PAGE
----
So last week, I gave my students a new, quick, research assignment to find out about voice actors. It was simple and I hoped, fun. It turned out really great – and the best part was, we all enjoyed it and everyone learned something new, including me.
They were to work in pairs to find some basic information about performers who are famous for their voices. The list of names included, (but was not limited to) Nancy Cartwright (The Simpsons), Billy West (Futurama), Mel Blanc (Looney Tunes), John DiMaggio (Futurama), Dan Castellena (The Simpsons) and of course several Muppeteers, such as Jim Henson, Frank Oz, Steve Whitmire, Eric Jacobson, Kevin Clash, Caroll Spinney and Jerry Nelson.
Their presentations were simple and to the point and consisted of Name, Birth/Death (if applicable), where they live, career highlights, and major characters. Then they were asked to find two contrasting YouTube clips to share with the class. In some cases, I helped. In others, they had a myriad of examples. In all cases, the students were impressed with the variety and skill of these performers and their vocal abilities. It was a great week.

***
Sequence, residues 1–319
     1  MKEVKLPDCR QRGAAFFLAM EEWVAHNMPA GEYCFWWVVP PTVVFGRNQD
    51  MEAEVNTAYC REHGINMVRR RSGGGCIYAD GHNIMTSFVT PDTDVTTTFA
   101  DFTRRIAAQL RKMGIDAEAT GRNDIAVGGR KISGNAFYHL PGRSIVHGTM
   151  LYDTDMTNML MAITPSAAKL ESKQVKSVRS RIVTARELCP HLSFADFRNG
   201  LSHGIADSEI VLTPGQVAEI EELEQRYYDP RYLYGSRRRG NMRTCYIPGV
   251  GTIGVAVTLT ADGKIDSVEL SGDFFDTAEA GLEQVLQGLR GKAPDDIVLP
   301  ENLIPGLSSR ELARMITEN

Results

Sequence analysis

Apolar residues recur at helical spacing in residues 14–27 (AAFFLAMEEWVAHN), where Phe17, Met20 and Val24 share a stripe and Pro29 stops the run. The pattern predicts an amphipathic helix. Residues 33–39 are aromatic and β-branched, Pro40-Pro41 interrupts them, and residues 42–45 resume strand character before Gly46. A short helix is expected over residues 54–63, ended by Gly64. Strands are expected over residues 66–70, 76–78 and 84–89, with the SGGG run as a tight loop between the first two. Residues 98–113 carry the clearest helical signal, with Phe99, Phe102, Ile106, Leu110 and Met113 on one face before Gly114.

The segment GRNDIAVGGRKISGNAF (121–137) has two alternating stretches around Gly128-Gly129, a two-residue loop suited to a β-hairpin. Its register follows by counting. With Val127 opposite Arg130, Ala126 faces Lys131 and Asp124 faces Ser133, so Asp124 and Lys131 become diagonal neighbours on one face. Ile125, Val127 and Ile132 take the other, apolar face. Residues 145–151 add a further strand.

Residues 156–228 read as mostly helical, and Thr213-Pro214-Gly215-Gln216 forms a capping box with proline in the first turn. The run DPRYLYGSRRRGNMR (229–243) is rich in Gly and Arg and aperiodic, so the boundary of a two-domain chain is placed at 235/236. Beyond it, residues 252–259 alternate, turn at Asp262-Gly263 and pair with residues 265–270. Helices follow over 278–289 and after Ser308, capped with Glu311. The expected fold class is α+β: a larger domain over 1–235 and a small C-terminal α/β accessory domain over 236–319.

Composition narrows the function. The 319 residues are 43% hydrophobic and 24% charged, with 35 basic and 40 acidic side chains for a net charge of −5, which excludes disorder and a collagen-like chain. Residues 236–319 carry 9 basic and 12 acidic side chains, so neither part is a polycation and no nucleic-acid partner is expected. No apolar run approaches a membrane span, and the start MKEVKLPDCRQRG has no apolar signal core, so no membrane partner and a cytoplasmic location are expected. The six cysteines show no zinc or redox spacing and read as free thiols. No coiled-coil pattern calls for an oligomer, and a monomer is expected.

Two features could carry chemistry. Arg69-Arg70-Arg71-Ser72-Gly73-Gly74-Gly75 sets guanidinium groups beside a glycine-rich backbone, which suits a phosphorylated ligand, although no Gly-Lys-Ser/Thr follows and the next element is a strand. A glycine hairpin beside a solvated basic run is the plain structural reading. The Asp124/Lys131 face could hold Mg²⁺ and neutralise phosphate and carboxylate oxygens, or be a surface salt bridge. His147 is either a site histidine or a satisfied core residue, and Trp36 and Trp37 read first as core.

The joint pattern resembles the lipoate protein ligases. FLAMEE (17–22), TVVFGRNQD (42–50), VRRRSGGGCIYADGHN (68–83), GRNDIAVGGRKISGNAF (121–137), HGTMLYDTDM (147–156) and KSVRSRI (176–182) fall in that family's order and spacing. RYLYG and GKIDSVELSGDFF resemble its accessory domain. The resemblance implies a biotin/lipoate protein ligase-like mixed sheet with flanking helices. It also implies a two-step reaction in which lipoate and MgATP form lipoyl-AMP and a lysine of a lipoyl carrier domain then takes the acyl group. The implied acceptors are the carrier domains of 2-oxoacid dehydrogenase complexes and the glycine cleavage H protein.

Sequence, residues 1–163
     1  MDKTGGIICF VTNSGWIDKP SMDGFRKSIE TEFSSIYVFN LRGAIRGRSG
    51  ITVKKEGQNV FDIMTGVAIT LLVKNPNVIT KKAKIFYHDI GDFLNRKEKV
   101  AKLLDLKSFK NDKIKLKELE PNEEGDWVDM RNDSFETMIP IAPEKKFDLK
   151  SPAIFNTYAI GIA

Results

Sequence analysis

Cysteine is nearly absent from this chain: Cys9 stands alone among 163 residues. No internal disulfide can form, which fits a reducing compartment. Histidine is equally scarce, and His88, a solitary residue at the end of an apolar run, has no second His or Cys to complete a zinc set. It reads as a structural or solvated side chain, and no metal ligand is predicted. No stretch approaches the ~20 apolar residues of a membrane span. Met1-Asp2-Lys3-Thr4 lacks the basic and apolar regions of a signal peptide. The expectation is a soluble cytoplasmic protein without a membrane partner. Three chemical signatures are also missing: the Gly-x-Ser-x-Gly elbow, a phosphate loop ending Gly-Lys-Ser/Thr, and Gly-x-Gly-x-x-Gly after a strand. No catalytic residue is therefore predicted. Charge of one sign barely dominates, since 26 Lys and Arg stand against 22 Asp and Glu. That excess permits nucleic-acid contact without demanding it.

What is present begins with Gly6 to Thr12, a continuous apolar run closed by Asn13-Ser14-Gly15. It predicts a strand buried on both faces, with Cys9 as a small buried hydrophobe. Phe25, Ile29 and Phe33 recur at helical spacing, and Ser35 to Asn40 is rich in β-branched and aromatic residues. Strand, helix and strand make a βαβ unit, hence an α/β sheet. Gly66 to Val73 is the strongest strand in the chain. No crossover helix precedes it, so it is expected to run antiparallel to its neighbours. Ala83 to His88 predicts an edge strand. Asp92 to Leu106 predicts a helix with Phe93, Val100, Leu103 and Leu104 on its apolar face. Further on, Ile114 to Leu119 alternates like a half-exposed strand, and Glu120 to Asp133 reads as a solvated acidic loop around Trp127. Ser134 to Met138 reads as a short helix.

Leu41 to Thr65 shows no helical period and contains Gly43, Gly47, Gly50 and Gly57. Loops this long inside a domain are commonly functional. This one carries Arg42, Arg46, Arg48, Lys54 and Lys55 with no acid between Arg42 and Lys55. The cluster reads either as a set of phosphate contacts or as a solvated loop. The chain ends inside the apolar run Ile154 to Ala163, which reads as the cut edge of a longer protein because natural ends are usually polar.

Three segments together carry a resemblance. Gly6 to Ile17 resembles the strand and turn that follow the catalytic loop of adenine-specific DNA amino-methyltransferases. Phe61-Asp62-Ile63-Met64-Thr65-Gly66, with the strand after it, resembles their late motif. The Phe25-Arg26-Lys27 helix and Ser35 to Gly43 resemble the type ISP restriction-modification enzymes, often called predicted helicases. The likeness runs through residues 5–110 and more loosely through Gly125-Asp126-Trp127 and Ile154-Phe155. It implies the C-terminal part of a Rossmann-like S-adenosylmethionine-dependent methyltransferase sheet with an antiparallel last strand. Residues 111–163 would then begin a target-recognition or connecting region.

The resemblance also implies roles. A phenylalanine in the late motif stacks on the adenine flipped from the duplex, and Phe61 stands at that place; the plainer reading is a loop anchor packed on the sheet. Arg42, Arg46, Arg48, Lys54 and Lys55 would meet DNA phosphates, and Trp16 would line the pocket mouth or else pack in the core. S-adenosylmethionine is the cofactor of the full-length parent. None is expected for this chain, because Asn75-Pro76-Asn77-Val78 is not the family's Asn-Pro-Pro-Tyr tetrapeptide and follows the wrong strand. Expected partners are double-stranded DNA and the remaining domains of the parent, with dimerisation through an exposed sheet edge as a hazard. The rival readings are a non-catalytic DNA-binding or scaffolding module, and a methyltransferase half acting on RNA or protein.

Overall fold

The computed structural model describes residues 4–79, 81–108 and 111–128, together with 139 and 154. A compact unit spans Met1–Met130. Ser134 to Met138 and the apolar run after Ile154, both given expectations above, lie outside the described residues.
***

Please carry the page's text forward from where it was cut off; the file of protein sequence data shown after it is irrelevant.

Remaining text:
This week, we moved on to creating simple props. The Grade 9s were to create something with a basic shape – rectangle, square, round, cylinder – but to represent something realistic. Essentially a brick, stone or stepping stone. They went to town. I’ve now got on display some headstones, a paving stone, several versions of bricks, an oversized hunk of chocolate with a bite removed and a swiss roll. All made from cardboard, florist foam or styrofoam. Incredible.
The Grade 10s get their pick of props to make. It just has to be something that a character could use on stage in some manner. I’ve now got several weapons, including a couple of animation inspired swords, an overly large hammer – it’s hard to describe, it’s SO huge, Thor’s hammer, (complete with leather wrapped handle), Pooh’s Hunny Jar – complete with BumbleBees on it, a diary, a Marauder’s Map, a sorcerer’s collection of goodies, pumpkins made from dryer tubing and an amazing Mad Hatter’s Hat – so incredible and large that it won’t fit in the display case. Most of these creations were made with less than $5 and some with $0! That’s what I call creative prop making! These kids had a blast and were coming to class early to get to work on their creations. It was amazing to watch them work and collaborate and encourage one another. So thrilling.